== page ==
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Cancer. 2008 Jun;112(11):2359-67. doi: 10.1002/cncr.23468.

Survival in patients with brain metastases from breast cancer: the importance of HER-2 status.

Author information

  • 1Department of Neurology, Pappas Center for Neuro-Oncology, Massachusetts General Hospital, Boston, MA 02114, USA. aeichler@partners.org

Abstract

BACKGROUND:

Brain metastases (BM) are the most common intracranial tumors in adults. To the authors' knowledge, established prognostic factors for survival after the diagnosis of BM in breast cancer patients do not take into account HER-2 status, which may have increasing relevance in the trastuzumab therapy era.

METHODS:

The authors identified 83 patients with breast cancer and new parenchymal BM diagnosed between January 1, 2001 and December 31, 2005 who were treated at Massachusetts General Hospital. Survival was estimated using the Kaplan-Meier method and curves were compared using the log-rank test. A Cox proportional hazards model was used to determine independent predictors of survival.

RESULTS:

The median overall survival from the time of BM was 8.3 months. On univariate analysis, HER-2-positive patients were found to have prolonged survival after BM compared with HER-2-negative patients (17.1 months vs 5.2 months). Patients with triple negative disease had a median survival of 4.0 months, compared with 11.2 months for all other patients. Additional predictors of improved survival on univariate analysis included <or=3 BM, controlled or absent systemic disease, and controlled local disease. On multivariate analysis, only HER-2 status, number of BM, and local disease status remained independent predictors of survival.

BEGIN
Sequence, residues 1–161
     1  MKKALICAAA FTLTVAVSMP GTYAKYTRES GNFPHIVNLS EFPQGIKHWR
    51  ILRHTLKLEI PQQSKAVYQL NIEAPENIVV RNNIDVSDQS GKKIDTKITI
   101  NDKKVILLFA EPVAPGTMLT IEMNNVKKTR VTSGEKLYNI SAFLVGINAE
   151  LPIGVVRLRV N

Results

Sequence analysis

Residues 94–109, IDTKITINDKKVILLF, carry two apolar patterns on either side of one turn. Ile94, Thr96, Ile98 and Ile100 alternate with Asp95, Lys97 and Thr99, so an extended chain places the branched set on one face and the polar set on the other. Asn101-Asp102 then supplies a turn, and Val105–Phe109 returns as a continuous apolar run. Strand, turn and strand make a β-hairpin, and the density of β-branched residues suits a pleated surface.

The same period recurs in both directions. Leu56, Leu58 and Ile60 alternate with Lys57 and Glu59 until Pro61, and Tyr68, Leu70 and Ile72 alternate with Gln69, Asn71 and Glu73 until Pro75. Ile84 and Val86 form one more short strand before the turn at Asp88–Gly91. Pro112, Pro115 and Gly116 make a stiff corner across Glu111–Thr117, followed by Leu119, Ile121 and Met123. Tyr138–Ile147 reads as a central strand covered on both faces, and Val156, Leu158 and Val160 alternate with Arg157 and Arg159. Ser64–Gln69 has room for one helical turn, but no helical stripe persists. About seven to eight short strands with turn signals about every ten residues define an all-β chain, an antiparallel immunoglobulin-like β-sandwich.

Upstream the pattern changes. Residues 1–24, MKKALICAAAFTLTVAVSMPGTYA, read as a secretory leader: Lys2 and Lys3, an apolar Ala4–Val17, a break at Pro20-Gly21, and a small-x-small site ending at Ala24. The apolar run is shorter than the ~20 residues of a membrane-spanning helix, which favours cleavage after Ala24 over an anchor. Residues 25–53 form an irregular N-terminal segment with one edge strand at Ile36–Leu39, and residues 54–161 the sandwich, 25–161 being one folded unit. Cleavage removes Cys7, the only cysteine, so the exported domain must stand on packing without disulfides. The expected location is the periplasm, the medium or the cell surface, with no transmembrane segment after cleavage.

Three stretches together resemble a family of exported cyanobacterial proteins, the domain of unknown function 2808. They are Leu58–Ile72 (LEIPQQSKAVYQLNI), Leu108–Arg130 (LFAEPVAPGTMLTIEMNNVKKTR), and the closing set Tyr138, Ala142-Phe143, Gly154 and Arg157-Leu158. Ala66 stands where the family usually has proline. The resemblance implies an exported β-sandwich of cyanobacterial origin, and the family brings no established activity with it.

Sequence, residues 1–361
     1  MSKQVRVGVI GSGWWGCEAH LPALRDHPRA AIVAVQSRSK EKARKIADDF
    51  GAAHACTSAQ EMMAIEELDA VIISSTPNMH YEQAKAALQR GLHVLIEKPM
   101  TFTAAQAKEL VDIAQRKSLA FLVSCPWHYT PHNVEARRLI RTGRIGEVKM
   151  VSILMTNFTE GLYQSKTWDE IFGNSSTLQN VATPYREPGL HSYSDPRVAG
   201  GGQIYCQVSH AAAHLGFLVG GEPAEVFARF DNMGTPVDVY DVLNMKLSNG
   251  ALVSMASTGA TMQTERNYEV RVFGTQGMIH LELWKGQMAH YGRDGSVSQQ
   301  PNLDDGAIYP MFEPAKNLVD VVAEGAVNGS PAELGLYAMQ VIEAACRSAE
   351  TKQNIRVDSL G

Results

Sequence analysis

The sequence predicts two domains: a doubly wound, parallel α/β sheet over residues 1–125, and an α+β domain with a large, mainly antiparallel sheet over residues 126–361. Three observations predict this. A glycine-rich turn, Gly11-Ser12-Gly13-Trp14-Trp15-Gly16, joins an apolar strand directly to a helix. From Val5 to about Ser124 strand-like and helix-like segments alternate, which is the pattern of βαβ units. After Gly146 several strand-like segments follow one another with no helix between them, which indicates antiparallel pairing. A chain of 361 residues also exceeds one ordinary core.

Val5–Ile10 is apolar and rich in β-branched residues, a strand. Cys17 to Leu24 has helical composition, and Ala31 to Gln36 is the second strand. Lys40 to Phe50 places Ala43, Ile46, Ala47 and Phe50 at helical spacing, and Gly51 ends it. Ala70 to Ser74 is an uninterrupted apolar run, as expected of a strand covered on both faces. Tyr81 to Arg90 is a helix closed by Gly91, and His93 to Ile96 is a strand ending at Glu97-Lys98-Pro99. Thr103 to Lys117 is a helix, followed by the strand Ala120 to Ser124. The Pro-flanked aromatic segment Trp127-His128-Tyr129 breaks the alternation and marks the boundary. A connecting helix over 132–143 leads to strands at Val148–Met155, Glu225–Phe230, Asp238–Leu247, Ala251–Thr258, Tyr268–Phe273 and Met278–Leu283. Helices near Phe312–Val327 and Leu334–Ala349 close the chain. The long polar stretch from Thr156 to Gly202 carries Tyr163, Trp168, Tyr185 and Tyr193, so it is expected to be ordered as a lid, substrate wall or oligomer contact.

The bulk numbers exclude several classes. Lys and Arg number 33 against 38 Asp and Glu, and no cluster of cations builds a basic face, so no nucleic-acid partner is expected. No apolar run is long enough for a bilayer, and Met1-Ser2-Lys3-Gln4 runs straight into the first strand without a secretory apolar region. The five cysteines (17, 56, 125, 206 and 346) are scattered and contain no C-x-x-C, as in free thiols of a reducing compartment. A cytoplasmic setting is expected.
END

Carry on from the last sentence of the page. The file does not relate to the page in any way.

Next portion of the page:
CONCLUSIONS:

HER-2 status is a strong predictor of survival after the diagnosis of BM. The survival of breast cancer patients with BM appears to be improving, but a better understanding of both the predictors of brain recurrence and the delayed effects of treatment is needed to properly counsel patients regarding the risk-benefit ratio of various treatment modalities.

(c) 2008 American Cancer Society.

PMID:
18361426
[PubMed - indexed for MEDLINE]
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